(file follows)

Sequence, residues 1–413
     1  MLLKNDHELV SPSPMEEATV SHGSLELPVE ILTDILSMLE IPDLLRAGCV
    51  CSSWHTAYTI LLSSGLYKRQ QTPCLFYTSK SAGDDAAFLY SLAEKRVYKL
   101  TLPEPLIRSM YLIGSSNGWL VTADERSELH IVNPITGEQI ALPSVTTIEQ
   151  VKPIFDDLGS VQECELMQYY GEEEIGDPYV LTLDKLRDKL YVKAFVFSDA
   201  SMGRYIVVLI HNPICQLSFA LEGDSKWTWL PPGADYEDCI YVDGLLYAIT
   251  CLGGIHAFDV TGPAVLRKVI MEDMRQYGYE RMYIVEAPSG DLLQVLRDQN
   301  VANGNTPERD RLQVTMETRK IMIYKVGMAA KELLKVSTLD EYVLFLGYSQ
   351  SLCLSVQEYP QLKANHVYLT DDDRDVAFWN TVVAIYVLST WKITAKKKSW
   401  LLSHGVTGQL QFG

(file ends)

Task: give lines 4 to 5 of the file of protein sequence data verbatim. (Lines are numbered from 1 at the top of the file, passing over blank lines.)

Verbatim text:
   101  TLPEPLIRSM YLIGSSNGWL VTADERSELH IVNPITGEQI ALPSVTTIEQ
   151  VKPIFDDLGS VQECELMQYY GEEEIGDPYV LTLDKLRDKL YVKAFVFSDA